'Collected Poems' by Clive James celebrates decades of learning, growth

Clive James continues to pour forth verse – as unabashedly alive as ever.

Collected Poems: 1958-2015 By Clive James Liveright 592 pp.

In 2011 Australian-born journalist, critic, novelist, and all-round cultural yard dog Clive James received a dire medical diagnosis – which seems to have done little or nothing to check his legendary productivity. Five books have appeared since, each one every bit as tenaciously, ferociously engaged as all the others (including a translation of Dante's "Divine Comedy"). Indeed, James's writing has always been so unabashedly alive and it has not changed at all.

The voice, the bare-knuckled assessments, the steep aesthetic erudition so often hidden under punchy, direct language, the spot-on phrasing. There's been no fundamental change, neither intensification nor (almost unthinkable) diminution; and it keeps coming. The only overt signs of those earlier dire pronouncements have been James's own somewhat puckish apologies that reports of his demise were a bit premature. And he keeps on writing.

If there has been a change in James's work since 2011, it has simply been that it has often occurred in an unwanted kind of split perspective, at once celebratory and commemorative.  

One of his latest books reflects this: new from Liveright is his Collected Poems: 1958-2015, and again there's the involuntary invocation of a terminus – this stately volume very much looks like a life's work neatly and finally finished.

The poems themselves, thankfully, don't read that way at all. James's verse bursts with life and wry laughter and an insistent playfulness on both the structural and the thematic levels. They share in common with all the rest of James's prose a collar-grabbing demotic plainspokenness that makes them oddities among the abstruse, self-absorbed productions of so much of contemporary poetry. James's poems want to tell you things in language you might not have used but can instantly understand. In his brief introductory note, he offers some cautions regarding fashionable “poems about nothing,” noting poetry's origins in lyric storytelling. “When the poem strays too far from the song,” he warns, “it risks death by refinement.”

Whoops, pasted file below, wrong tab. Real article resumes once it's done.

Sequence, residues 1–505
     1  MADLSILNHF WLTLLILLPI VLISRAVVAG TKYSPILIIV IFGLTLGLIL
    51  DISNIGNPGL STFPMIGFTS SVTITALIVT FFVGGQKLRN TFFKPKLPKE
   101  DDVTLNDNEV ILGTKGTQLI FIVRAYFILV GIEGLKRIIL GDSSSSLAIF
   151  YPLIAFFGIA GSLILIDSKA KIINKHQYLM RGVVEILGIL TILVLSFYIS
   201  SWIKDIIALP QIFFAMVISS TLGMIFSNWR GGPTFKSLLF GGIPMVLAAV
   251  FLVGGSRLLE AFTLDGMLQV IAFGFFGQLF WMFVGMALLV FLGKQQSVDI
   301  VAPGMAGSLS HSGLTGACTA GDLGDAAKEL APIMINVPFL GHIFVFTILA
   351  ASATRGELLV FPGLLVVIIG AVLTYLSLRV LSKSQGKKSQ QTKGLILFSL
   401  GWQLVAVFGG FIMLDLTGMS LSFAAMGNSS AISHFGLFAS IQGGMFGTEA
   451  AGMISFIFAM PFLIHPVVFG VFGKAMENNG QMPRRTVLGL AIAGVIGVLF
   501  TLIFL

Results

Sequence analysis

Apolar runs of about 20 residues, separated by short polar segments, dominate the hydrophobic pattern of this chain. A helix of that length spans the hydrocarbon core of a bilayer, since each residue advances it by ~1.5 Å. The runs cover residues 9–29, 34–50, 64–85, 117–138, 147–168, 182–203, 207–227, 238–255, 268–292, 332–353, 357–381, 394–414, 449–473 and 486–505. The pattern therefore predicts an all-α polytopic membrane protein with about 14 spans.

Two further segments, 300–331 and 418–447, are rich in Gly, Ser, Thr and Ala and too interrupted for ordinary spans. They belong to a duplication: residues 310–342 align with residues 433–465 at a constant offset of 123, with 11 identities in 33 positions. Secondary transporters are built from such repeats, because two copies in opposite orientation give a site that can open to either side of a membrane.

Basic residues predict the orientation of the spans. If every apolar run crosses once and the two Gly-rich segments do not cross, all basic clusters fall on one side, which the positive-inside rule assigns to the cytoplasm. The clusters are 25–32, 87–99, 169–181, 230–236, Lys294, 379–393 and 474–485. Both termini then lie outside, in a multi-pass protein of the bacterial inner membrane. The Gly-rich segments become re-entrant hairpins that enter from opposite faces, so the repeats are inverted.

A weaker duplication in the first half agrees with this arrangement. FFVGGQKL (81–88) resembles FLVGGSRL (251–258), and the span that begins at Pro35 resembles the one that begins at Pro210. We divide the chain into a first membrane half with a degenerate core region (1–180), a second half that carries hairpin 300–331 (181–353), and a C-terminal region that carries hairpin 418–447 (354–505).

The poems gathered here are not about nothing, although they often feature a degree of refinement James himself might downplay. The volume includes a smattering of early poems, selections from previous collections like "The Book of My Enemy," "Angels Over Elsinore," and "Nefertiti in the Flak Tower." There are songs and parodies and pastiches. There are long passages of passionate love poetry and shorter bits born of snark or irritation.

There are long, delightfully chatty pieces, like “To Martin Amis: a letter from Indianapolis,” crafted as a letter to the author's friend: “Dear Mart, I write you from a magic spot./ The dullsville capital of Indiana ...” And these are carefully counterbalanced with more reflective pieces like the well-known “What Happened to Auden” with its arresting opening: “His stunning first lines burst out of the page/ Like a man thrown through a windscreen ...” There are detailed tributes, such as “Gore Vidal at Fifty” (“This is the pit from which none can escape/ Your wit lights up that we might see its shape”), and there are adaptations on classical mythology, as when “The Nymph Calypso” shows us a minor goddess propelled by pride to explain the departure of Odysseus from her island: “She spread the story that he'd only gone/ Because she told him legends must go on.”

Because the poems are drawn from previous collections in roughly chronological order, shadows lengthen over the book as the pages turn. The sensual, omnivorously inquisitive jump and play of the earlier works gradually gives way to a more measured undertone, and glances at the past become full-blown sentimental reminiscences of the poet's wild Australian youth, as in “Fashion Statement,” when he and his fellow dandies were caught up in the immemorial pastimes of the young:

To read the poets – seldom on the course –
To write a poem – never quite resolved –
To be removed from Manning House by force –
It was where the women were – to be involved
Completely – never fear what might befall –
In the task of doing nothing much at all.

The main flow of the poems carries on despite time – the classical allusions jostle right alongside the pop culture references, and always James the poet is watching people with the assessing eye of a sympathetic critic, but there are more frequent brushes of mortality like the one in “Sentenced to Life” that talks of autumn skies in England and memories of the bright sunlight of Australia.

The book is an infectiously exuberant performance, carried out over decades of learning and growing and reading and changing. Let's all hope for more.

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